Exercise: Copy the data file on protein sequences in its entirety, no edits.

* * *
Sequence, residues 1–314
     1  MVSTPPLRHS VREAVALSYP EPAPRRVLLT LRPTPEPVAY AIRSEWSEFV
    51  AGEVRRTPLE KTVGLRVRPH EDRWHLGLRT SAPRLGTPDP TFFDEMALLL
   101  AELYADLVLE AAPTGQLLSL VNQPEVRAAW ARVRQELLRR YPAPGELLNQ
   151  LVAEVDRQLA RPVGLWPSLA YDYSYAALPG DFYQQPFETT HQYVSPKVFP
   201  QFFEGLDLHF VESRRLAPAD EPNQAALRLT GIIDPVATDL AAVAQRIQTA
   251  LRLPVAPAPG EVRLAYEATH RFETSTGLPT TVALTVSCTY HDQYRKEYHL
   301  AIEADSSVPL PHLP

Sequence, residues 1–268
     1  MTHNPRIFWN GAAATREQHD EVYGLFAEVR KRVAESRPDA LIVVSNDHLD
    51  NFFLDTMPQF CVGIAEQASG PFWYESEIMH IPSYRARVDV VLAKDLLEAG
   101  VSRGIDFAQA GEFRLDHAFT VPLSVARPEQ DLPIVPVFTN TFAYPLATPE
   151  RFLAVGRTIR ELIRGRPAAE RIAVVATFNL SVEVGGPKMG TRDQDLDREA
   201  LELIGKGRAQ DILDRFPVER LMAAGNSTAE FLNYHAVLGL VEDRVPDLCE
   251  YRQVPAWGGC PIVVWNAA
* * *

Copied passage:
Sequence, residues 1–314
     1  MVSTPPLRHS VREAVALSYP EPAPRRVLLT LRPTPEPVAY AIRSEWSEFV
    51  AGEVRRTPLE KTVGLRVRPH EDRWHLGLRT SAPRLGTPDP TFFDEMALLL
   101  AELYADLVLE AAPTGQLLSL VNQPEVRAAW ARVRQELLRR YPAPGELLNQ
   151  LVAEVDRQLA RPVGLWPSLA YDYSYAALPG DFYQQPFETT HQYVSPKVFP
   201  QFFEGLDLHF VESRRLAPAD EPNQAALRLT GIIDPVATDL AAVAQRIQTA
   251  LRLPVAPAPG EVRLAYEATH RFETSTGLPT TVALTVSCTY HDQYRKEYHL
   301  AIEADSSVPL PHLP

Sequence, residues 1–268
     1  MTHNPRIFWN GAAATREQHD EVYGLFAEVR KRVAESRPDA LIVVSNDHLD
    51  NFFLDTMPQF CVGIAEQASG PFWYESEIMH IPSYRARVDV VLAKDLLEAG
   101  VSRGIDFAQA GEFRLDHAFT VPLSVARPEQ DLPIVPVFTN TFAYPLATPE
   151  RFLAVGRTIR ELIRGRPAAE RIAVVATFNL SVEVGGPKMG TRDQDLDREA
   201  LELIGKGRAQ DILDRFPVER LMAAGNSTAE FLNYHAVLGL VEDRVPDLCE
   251  YRQVPAWGGC PIVVWNAA